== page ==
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Boards need to take the weight of today’s issues, not long for yesterday’s

Corporate and M&A, Shareholder Activism
Boardroom with view
Corporate and M&A partner Jonathan Wenig writes in today’s Australian newspaper that, as the end of the 2021 financial year approaches, second only to the ongoing impact of a global pandemic, the hottest topic of conversation around boardroom tables is stakeholder interests and if or how to reflect them in corporate governance.

“The overarching question for boards, which is getting more emphatic and more important every reporting season, is how to appropriately balance the significance of these considerations with competitive challenges or market expectations for short or medium-term profitability.”

Jonathan reflects on a recent Janet Albrechtsen column, which quotes former AMP chairman David Murray suggesting that it’s up to policy makers, rather than boards, to determine if the wider community genuinely expects companies to behave in a certain way, and to legislate accordingly.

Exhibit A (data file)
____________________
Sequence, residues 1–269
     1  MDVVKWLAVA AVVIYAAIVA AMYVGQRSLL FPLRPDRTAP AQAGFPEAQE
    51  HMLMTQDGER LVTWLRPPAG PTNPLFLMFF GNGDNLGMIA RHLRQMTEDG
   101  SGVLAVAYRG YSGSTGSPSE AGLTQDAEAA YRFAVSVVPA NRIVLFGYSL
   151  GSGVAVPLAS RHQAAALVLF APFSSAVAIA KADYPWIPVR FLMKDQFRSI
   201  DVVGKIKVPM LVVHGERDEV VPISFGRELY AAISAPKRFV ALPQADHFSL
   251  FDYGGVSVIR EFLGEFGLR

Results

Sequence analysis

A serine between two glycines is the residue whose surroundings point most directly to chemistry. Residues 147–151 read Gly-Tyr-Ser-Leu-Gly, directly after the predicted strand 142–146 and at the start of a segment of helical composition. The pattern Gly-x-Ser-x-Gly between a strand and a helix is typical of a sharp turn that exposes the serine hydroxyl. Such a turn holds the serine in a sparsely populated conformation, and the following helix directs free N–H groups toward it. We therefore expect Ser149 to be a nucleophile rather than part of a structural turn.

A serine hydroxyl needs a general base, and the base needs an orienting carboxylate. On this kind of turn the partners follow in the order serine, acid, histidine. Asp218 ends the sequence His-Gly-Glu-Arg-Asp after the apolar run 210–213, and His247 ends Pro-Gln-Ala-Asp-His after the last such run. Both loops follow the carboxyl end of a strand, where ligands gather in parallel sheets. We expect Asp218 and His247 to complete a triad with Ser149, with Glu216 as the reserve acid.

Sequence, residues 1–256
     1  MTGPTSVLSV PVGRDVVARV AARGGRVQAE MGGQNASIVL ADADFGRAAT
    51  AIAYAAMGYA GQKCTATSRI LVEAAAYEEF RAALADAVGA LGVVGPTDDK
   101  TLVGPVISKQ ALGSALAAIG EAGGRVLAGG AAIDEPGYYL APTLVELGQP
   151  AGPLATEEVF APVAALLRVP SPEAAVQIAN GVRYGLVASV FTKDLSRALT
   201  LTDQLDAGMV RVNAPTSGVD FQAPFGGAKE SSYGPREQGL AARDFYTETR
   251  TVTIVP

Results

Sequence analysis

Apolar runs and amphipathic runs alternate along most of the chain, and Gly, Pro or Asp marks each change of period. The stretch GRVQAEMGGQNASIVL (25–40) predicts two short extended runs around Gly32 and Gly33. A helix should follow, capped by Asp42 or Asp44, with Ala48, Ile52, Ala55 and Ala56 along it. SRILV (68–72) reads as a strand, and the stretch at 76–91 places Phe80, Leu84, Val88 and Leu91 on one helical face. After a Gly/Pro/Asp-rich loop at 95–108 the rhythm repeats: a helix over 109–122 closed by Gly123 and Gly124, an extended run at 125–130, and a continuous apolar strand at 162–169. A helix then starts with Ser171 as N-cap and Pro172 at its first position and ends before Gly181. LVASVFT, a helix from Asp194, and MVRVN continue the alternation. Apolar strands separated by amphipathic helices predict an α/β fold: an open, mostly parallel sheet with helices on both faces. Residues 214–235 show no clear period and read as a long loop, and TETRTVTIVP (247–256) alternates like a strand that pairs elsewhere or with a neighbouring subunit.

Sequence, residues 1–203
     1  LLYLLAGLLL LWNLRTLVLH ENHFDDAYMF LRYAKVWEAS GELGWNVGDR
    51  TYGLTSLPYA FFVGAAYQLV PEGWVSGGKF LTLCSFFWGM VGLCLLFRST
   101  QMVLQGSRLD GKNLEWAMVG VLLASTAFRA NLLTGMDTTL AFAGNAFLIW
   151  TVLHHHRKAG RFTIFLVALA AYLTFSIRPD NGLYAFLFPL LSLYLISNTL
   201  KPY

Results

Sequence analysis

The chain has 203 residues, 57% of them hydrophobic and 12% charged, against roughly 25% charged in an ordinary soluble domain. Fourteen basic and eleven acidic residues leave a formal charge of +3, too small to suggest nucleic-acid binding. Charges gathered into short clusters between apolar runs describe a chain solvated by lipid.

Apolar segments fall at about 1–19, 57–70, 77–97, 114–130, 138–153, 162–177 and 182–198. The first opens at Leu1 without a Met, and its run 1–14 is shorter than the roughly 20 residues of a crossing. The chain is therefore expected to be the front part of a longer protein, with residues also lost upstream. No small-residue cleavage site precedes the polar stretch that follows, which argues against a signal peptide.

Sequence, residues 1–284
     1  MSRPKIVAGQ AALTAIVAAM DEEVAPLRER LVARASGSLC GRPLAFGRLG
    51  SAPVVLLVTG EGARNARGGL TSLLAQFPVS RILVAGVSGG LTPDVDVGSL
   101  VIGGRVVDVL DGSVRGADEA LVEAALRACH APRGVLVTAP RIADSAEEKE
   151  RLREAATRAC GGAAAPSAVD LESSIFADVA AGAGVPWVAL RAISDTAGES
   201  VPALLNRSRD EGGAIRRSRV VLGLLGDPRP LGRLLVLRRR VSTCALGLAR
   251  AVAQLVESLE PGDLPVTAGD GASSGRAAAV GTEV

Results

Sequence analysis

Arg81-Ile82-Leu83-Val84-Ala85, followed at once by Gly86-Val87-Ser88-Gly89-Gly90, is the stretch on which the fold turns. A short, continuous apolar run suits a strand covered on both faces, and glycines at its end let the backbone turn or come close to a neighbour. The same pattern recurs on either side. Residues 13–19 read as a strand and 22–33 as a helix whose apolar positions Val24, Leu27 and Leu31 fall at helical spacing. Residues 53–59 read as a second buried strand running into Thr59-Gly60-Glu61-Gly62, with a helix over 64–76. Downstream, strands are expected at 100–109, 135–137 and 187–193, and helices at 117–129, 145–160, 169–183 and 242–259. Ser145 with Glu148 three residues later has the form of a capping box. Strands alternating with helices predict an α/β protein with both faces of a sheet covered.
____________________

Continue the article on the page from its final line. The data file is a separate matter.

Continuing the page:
“Murray bases his thesis on the premise that ‘a company is owned by its shareholders whose shares are their own private property.’” Jonathan writes. “Corporations Law 101 has no issue with it. But Murray goes on to say it would be preferable for community expectations of companies to be settled and reflected by federal parliament.

“Surely a contextual, balanced, considered judgment by directors of those matters and interests that are relevant to the specific circumstances of a company is far preferable to some blanket obligation in the Corporations Act!?”

Jonathan’s article was prepared with the assistance of law graduate Kaitlin Bakken.

To read Jonathan’s full article, click here.

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